Charitable Trust Home Ownership

Charitable Trust Home Ownership


                You’ve probably heard that the rich and famous often employ special trusts to buy, hold and own their real estate properties.  The Charitable trust strategy is, in our opinion underutilized except in the priciest coastal, resort and international markets.  There exists few better pure time tested tax shelters and asset protection devices than the Charitable Remainder Unitrust (or CRUT); if the owner’s wish is for a charity (s) to become the eventual owner post death.  There are even ways to pass your real estate (including your primary and secondary residences) through your CRUT to your own private foundation- Thereby creating even greater- next gen heir flexibility and tax shelter/ deferral.

                For our purposes here, we will focus upon the single event of CRUT ownership.  As with all trusts, three main parties must manifest: grantor, beneficiary, trustee.  In this case the grantor is you, the home/ property owner.  There are at least two levels of beneficiary within a Real Estate CRUT.  1) The “income” or current affairs beneficiary.  The trustee can be you (one or both spouses) or you and a “corporate trustee” as co-trustees, which is our recommendation.  Your lawyer drafts the trust document (indenture) to perfectly match your planning/ charitable objectives in synch with your income, gift, capital gain and estate tax goals.  Here’s how it works: Steps. 1) Document is drafted 2) Fed ID # applied for 3) Trustee, grantor and beneficiary (s) are selected 4)property title is transferred (deed of trust) to the CRUT “The Robinson Family Charitable Trust” for example.  The trustee now “owns” the property title (s).  This transfer causes and immediate tax deduction; a percentage calculated based upon the grantor’s age and mortality expectancy (Older = higher deductions).  Let’s say a 50 year old grantor with a 30 year life expectancy (mortality) contributes a $1 mm home with a $500k net equity, naming United Way (for example) as The Qualified 501 © (3) public charity “remainderman” (The “R” in CRUT).  The IRS chart depicts a .145 deduction factor[1] or $72,500.  Our client may take a one time Federal income tax deduction (one or more years) as long as $72,500 does not exceed 35% of his/ her adjusted gross income.  Since the home passes to the charity upon the second spouse’s death, there is no gift or estate taxes.  Not a bad deal all around, especially if your really want to make a large donation to charity and need a sizable tax write-off.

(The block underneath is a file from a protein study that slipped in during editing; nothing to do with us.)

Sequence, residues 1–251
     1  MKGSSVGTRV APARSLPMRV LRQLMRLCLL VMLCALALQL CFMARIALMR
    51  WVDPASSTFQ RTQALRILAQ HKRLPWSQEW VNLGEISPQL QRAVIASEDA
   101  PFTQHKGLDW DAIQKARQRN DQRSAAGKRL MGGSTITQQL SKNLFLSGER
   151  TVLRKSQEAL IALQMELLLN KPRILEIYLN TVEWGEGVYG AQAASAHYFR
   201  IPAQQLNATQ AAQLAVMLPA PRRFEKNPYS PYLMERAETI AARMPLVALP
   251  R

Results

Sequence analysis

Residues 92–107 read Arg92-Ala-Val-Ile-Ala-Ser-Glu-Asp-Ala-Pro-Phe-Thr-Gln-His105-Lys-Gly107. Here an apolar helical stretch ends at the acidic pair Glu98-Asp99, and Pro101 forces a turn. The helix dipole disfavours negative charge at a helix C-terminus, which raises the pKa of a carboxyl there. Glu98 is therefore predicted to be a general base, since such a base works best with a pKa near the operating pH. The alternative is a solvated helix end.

The CRUT story gets better.  If you contribute income producing property (even the portion of your home business), you keep all of the current income and all of the income tax and capital gains tax benefits. Now, do the math.  What about the inverse? If you want to keep the property (s) in your estate but don’t need the current income, you can simply create a charitable lead trust which simply means that your charity (s) receive  the income during life, yet the asset (property(s)) pass to your heirs as your will or trust directs.

                AHB enjoys solid relationships with financial advisors as part of our team.  Let  us know if we can assist with your charitable trust planning endeavors.


[1] approximate


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